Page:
In fact, Alelion’s recent acquisition of Caterva in Germany is a strategic step toward building a larger portfolio, in an investment that adds competence in solar power storage systems with 20 new employees based in Munich. 

Gothenburg – a vibrant electromobility hub

Alelion’s choice of location for its battery plant was a “no brainer” says Troedsson. The availability of highly skilled engineers and close proximity to customers, as well as Gothenburg’s well-connected port were just a few main drivers.

Sweden’s west coast is also a cluster for the automotive sector where collaborations between manufacturers, academia and public institutions are pushing the boundaries in electric vehicle research. As a partner in the Swedish Electromobility Centre, Alelion helps to set criteria for testing cutting-edge battery cells and solutions.

“The rise of lithium-ion batteries is still in the early stages. New technologies and business models will emerge. I am convinced that the joint investments taking place in Gothenburg can advance Europe’s efforts to improve performance and environmental sustainability of these batteries,” says Troedsson.

Another promising initiative in Gothenburg is Lindholmen Science Park which, as of 2018, will host a new test bed for electromobility, bringing together partners such as Volvo Cars, Chalmers University of Technology, Scania and the Geely Group-owned automotive development centre CEVT (China Euro Vehicle Technology). Approximately EUR 100 million will be dedicated until 2023 to testing of components, transmissions, chassis, energy efficient systems and data analytics for electric vehicles.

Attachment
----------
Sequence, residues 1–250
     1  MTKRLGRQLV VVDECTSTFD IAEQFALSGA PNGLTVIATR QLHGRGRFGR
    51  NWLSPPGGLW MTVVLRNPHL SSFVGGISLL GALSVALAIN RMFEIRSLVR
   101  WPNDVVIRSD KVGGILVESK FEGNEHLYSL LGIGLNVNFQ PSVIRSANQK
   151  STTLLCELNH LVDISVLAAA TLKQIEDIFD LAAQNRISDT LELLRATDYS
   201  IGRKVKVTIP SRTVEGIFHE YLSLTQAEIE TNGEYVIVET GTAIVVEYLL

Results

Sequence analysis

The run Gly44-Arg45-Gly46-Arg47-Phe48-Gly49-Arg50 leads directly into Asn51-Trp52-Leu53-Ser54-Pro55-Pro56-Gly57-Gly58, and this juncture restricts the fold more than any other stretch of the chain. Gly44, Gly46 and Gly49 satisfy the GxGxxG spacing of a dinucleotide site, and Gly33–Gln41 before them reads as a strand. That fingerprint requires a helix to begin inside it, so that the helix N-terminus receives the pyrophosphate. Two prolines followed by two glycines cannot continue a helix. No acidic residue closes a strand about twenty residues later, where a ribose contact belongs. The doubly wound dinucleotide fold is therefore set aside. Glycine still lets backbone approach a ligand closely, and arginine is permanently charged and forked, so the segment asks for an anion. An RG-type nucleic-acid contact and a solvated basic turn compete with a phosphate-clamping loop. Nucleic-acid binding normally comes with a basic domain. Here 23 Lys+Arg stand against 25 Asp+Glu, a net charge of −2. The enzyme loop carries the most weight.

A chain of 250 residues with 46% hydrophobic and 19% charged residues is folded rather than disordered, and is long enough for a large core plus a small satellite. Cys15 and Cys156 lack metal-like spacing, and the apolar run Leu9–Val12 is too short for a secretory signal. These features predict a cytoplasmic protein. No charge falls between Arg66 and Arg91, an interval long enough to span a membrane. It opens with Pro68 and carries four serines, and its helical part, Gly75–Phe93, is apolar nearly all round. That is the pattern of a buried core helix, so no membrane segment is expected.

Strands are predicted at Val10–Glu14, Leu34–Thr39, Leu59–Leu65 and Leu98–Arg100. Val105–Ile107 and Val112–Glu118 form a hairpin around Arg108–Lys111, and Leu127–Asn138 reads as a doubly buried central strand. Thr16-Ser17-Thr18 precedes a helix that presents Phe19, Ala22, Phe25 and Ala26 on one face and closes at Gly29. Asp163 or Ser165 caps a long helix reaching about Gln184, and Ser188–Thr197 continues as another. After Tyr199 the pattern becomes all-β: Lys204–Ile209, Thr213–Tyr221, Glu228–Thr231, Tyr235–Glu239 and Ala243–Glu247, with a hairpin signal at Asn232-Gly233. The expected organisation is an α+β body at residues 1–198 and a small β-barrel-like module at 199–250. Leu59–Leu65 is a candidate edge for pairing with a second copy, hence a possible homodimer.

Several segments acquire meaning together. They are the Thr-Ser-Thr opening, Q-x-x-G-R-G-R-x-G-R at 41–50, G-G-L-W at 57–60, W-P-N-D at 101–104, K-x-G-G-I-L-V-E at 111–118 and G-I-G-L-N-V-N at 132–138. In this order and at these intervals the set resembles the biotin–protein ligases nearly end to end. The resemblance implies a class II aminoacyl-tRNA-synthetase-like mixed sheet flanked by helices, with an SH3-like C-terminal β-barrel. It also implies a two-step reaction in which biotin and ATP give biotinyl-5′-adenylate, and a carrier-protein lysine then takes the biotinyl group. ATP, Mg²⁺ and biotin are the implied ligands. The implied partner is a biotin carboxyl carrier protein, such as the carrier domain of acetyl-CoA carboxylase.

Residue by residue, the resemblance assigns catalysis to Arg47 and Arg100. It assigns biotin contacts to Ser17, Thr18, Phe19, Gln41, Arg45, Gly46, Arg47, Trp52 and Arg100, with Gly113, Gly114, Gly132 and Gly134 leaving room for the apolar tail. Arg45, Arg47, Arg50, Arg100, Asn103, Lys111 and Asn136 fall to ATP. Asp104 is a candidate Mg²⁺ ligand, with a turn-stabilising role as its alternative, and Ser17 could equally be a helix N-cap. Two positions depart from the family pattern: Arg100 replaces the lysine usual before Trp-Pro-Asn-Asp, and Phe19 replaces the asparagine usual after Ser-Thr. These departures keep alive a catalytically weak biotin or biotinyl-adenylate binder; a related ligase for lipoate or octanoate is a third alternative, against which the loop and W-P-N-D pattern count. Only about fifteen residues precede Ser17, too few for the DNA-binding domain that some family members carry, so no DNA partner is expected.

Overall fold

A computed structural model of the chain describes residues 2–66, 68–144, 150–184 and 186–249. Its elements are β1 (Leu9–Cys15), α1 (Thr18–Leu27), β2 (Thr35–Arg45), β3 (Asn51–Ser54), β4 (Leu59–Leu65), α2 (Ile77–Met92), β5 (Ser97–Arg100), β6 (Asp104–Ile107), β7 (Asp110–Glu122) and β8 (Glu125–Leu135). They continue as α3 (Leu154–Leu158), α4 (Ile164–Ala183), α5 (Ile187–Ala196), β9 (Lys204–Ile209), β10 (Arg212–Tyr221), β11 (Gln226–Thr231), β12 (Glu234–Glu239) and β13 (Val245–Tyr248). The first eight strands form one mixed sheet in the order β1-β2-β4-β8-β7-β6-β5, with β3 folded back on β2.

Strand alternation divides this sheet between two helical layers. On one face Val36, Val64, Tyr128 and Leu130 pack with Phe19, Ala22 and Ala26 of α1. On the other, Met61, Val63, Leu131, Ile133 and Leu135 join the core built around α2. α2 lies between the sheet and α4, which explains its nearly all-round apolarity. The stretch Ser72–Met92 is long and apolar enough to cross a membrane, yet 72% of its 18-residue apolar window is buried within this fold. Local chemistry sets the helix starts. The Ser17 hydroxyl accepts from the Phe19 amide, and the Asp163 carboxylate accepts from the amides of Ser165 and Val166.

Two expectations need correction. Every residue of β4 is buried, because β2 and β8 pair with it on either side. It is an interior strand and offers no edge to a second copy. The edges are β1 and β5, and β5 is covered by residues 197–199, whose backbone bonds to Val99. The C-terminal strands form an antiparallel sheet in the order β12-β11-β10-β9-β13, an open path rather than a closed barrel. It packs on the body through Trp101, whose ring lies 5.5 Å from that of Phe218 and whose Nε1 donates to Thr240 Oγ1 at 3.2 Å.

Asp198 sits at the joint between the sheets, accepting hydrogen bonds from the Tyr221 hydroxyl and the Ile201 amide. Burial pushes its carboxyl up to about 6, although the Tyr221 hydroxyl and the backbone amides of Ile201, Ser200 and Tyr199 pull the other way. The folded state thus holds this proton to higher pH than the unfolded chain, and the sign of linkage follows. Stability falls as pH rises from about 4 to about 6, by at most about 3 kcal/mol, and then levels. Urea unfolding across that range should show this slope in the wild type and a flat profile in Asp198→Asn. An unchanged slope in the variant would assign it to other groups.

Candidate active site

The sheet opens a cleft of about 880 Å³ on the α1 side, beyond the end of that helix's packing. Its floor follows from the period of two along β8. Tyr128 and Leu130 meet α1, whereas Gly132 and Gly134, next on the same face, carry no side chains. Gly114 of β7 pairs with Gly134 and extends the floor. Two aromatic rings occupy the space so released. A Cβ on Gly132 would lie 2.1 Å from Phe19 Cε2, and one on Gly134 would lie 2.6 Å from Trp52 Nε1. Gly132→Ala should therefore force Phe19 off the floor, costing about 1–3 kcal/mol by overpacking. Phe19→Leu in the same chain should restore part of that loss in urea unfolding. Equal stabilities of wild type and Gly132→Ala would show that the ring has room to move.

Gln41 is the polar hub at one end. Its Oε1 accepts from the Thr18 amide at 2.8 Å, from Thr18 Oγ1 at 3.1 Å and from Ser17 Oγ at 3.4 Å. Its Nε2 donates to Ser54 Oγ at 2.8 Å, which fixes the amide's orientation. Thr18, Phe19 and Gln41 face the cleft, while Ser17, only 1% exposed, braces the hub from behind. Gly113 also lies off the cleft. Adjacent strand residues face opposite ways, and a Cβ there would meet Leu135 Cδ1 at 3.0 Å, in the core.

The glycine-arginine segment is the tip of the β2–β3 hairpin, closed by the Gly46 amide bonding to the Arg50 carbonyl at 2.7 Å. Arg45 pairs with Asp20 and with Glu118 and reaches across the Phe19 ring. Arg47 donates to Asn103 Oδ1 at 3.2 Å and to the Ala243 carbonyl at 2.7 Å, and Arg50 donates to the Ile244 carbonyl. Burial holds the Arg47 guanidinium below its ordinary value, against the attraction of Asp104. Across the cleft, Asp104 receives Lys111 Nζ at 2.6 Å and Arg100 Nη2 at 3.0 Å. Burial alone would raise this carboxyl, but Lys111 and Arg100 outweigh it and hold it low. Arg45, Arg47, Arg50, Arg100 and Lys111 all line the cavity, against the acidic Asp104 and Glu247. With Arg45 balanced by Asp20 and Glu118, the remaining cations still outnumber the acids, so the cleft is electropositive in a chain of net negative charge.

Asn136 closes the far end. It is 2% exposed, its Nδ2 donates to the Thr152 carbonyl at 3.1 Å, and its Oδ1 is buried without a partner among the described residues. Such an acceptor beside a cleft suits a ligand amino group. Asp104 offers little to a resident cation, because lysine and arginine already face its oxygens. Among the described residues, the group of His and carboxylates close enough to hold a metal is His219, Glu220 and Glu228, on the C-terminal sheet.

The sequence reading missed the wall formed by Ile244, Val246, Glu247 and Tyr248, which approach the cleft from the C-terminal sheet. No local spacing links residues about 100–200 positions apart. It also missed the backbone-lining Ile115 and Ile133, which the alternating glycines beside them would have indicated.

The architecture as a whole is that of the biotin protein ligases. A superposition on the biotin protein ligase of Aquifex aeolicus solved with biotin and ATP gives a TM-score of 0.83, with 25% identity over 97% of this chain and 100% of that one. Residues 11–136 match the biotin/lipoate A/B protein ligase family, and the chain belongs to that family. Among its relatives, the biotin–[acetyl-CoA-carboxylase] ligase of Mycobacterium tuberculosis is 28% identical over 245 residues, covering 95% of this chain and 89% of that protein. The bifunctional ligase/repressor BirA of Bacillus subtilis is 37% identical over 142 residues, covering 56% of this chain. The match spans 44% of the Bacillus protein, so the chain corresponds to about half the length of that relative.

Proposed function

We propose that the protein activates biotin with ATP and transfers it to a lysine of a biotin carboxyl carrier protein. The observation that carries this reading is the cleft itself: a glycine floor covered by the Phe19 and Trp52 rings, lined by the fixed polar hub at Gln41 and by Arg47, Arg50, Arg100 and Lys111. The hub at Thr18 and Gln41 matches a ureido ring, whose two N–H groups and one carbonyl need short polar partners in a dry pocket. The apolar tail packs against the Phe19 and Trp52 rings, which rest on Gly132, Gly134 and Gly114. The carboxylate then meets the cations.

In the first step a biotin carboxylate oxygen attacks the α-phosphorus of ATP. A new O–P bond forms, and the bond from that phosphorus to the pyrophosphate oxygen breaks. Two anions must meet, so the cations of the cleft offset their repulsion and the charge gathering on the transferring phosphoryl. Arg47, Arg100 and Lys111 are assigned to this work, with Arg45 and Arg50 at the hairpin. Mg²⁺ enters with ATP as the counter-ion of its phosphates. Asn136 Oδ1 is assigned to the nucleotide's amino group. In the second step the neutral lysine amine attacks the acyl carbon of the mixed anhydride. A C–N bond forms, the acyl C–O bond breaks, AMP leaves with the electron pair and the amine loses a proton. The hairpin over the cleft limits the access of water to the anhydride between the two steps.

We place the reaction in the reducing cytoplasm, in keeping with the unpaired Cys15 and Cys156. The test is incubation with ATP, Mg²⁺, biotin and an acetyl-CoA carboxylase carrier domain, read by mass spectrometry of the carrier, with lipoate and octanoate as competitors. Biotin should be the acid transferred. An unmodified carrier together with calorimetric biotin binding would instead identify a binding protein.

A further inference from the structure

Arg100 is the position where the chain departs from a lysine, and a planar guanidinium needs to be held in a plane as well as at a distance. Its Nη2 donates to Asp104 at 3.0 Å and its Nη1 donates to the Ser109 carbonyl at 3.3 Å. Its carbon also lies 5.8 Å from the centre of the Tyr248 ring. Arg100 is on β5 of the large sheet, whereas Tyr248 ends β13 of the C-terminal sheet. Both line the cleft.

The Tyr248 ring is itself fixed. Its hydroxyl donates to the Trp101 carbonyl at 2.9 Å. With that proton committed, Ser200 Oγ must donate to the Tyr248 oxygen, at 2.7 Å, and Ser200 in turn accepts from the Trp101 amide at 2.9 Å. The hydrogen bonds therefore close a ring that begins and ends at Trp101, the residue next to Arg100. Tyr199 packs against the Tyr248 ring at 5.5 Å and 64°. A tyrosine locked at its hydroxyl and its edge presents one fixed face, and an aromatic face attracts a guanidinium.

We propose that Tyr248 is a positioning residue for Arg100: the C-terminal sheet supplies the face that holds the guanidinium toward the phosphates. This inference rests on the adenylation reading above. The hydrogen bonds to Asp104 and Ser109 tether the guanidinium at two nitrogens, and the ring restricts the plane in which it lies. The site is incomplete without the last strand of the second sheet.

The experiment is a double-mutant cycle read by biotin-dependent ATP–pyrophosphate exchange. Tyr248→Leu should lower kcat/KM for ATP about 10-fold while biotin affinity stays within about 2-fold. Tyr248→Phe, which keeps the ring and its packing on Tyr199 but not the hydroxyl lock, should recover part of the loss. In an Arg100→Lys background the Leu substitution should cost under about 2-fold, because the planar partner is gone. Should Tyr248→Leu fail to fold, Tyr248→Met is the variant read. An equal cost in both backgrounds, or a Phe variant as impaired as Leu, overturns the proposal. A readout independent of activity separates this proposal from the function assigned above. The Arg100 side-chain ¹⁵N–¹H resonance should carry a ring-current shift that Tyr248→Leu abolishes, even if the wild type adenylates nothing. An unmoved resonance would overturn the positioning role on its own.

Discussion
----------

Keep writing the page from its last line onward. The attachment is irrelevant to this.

Batteries get greener

According to the World Economic Forum, the global battery market will be worth USD 100 billion by 2025. Moreover, the forecast is that 95 per cent of the batteries powering electric vehicles will be based on the lithium-ion technology. 

“Lithium-ion batteries are about four times more expensive to buy. At the same time, our calculations show that investments are quickly offset by lower energy consumption, longer service life and reduced maintenance costs.”

In one such calculation, Troedsson outlines a scenario where six electric forklifts are operated using lithium-ion batteries instead of conventional lead-acid, which results in a EUR 172,000 cost saving over five years. But that’s not all.

“Then you have the environmental benefits on top,” he adds. “With lithium-ion batteries you eliminate battery changes that release harmful gases. You also get an energy reduction of 80,000 kWh, 80 kg less metals required per year and 50,000 tons less CO2 released into the atmosphere. And that’s just for six forklifts.”

To remain at the forefront of innovation, Alelion sources its battery cells from 15 different sub-suppliers worldwide which combine 4,000 active researchers.

On a final note, Troedsson says:

“I often say to customers half-jokingly, ‘if you’re fine with polluting the environment and if you’ve got tons of money, then continue with lead-acid. But if that’s not the case, you should immediately switch over to lithium-ion batteries.”

Alelion’s new factory, which brings the company’s number of employees to 70, not only marks Sweden’s debut in the battery race. Material handlers, it seems, are now getting fully charged up over the prospect of a technology shift.

Read more: www.alelion.com